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  10. Phenomenal Intentionality and the Problem of Representation.Walter Ott - 2016 - Journal of the American Philosophical Association 2 (1):131--145.
    According to the phenomenal intentionality research program, a state’s intentional content is fixed by its phenomenal character. Defenders of this view have little to say about just how this grounding is accomplished. I argue that without a robust account of representation, the research program promises too little. Unfortunately, most of the well-developed accounts of representation – asymmetric dependence, teleosemantics, and the like – ground representation in external relations such as causation. Such accounts are inconsistent with the core of the phenomenal (...)
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  11. Berkeley’s Best System: An Alternative Approach to Laws of Nature.Walter Ott - 2019 - Journal of Modern Philosophy 1 (1):4.
    Contemporary Humeans treat laws of nature as statements of exceptionless regularities that function as the axioms of the best deductive system. Such ‘Best System Accounts’ marry realism about laws with a denial of necessary connections among events. I argue that Hume’s predecessor, George Berkeley, offers a more sophisticated conception of laws, equally consistent with the absence of powers or necessary connections among events in the natural world. On this view, laws are not statements of regularities but the most general rules (...)
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  12.  37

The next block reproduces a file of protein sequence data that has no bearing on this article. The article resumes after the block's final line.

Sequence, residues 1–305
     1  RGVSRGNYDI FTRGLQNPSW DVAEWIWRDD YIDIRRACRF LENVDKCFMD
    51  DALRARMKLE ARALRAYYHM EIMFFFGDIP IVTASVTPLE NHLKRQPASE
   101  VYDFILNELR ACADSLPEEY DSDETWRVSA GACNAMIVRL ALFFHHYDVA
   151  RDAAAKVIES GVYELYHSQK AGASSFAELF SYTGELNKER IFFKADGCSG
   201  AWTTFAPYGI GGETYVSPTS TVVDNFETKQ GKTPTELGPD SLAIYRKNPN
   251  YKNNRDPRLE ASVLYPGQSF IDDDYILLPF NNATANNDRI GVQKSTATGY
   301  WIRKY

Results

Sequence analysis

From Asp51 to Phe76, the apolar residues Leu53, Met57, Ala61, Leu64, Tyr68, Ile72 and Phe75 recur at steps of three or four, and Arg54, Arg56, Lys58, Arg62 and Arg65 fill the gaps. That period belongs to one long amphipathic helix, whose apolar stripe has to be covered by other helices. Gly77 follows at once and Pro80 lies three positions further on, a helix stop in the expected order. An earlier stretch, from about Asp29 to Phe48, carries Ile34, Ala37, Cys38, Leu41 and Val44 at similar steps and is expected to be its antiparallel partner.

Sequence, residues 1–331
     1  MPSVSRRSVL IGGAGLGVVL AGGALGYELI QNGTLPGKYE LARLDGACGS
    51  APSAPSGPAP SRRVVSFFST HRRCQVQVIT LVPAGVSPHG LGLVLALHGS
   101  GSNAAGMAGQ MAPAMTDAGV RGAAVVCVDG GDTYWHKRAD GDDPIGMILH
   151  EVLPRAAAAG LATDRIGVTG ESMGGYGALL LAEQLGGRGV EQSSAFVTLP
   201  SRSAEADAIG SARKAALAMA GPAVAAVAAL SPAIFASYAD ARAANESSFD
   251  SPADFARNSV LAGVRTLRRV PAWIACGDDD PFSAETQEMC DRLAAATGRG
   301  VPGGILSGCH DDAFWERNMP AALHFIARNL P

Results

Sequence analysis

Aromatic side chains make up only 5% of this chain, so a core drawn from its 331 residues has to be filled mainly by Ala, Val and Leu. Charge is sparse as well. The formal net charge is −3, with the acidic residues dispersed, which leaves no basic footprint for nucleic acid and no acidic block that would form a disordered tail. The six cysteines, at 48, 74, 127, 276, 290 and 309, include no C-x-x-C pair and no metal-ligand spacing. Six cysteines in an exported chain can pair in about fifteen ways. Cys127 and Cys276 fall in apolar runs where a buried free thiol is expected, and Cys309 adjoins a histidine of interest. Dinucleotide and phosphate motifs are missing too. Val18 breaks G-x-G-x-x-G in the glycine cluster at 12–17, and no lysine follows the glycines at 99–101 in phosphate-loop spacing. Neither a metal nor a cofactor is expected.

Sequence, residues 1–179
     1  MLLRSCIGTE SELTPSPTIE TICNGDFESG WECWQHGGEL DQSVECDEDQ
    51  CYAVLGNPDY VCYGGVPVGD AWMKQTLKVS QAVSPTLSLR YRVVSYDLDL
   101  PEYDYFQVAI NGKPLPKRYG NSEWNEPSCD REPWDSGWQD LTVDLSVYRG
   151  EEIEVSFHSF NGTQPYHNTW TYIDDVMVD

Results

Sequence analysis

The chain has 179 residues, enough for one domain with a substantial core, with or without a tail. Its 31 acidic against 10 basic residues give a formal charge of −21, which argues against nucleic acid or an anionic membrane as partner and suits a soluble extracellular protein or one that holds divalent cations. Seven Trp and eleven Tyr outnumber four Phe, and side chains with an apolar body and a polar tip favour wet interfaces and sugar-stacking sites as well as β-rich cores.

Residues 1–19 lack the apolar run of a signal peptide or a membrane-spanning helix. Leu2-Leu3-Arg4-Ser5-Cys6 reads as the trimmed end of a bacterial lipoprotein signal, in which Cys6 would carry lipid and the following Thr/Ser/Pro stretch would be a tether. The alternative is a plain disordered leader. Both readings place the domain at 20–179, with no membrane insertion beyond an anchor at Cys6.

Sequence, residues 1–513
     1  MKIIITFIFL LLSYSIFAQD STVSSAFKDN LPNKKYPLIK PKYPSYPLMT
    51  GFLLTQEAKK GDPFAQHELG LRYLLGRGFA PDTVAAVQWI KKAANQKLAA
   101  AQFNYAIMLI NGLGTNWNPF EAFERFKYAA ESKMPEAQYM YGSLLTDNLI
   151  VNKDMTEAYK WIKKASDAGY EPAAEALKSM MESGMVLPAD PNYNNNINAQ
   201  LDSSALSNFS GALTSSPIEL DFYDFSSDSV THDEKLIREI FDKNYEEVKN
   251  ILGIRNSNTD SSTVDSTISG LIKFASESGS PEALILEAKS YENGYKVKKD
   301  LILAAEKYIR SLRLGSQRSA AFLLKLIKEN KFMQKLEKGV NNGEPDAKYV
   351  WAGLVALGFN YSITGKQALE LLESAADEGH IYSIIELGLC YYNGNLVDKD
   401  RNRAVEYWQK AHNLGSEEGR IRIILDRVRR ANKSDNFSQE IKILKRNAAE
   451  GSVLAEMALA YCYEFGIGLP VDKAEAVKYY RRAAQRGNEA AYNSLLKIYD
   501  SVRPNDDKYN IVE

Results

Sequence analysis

Ontology-Driven Multicriteria Decision Support for Victim Evacuation.Linda Elmhadhbi, Mohamed-Hedi Karray, Bernard Archimède, J. Neil Otte & Barry Smith - forthcoming - International Journal of Information Technology and Decision Making:1–30.
    Abstract In light of the complexity of unfolding disasters, the diversity of rapidly evolving events, the enormous amount of generated information, and the huge pool of casualties, emergency responders (ERs) may be overwhelmed and in consequence poor decisions may be made. In fact, the possibility of transporting the wounded victims to one of several hospitals and the dynamic changes in healthcare resource availability make the decision process more complex. To tackle this problem, we propose a multicriteria decision support service, based (...)
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  13.  25
    A Semantics-Based Common Operational Command System for Multiagency Disaster Response.Linda Elmhadhbi, Mohamed-Hedi Karray, Bernard Archimède, J. Neil Otte & Barry Smith - 2020 - IEEE Transactions on Engineering Management 68:1-15.